Microwave Cooking: Why sometimes start w low setting, then change to high setting?

I’m preparing a Trader Joe’s Butter Chicken frozen dinner right now. The directions say to cook for five minutes on “defrost” then another four on “high.”

How come? Why not just six on high or something? What’s the beneficial or useful effect of cooking on a low setting then moving to a high setting?

Liquid water tends to absorb microwave energy more strongly than frozen water (ice). So what happens is that part of your dinner thaws first, and then that part starts absorbing microwave energy far more quickly than the rest of your dinner. So if you just cook it on high for a couple of minutes, you’ll end up with parts of your dinner being smoking hot (possibly burnt) while other parts are still frozen solid.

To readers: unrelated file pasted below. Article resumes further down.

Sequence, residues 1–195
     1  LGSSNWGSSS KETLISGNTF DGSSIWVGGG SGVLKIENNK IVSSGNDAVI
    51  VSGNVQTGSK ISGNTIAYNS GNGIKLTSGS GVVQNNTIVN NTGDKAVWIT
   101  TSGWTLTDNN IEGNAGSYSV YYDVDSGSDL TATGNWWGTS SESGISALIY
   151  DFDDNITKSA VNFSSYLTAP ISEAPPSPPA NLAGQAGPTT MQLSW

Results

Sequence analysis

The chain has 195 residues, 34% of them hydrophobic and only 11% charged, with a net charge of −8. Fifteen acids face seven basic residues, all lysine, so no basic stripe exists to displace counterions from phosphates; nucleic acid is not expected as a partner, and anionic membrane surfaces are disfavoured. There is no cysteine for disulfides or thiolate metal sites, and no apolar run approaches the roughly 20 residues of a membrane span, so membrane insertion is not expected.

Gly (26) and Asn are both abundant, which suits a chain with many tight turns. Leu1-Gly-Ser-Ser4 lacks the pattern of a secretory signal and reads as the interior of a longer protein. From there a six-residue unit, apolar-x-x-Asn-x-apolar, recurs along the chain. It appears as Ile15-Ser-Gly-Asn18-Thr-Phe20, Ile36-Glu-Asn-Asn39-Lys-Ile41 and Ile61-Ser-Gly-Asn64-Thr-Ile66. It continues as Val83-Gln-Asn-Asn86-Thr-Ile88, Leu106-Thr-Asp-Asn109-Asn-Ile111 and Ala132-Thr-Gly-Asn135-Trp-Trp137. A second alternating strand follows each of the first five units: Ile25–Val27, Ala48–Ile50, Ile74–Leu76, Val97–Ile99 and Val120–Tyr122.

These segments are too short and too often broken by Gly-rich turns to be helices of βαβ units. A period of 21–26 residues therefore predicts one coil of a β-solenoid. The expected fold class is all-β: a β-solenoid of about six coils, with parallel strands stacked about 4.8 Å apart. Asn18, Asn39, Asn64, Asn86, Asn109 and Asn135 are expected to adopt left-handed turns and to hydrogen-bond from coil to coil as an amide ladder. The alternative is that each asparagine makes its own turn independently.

By cooking on low first, there is time for the heat to move via conduction from the parts that thaw earliest to the parts that are still frozen. This way you defrost the entire dinner without incinerating local parts of it; once there’s no more ice, you crank up the power, and with the entire dinner having been thawed, it absorbs the microwave radiation much more evenly.

see thermal runaway.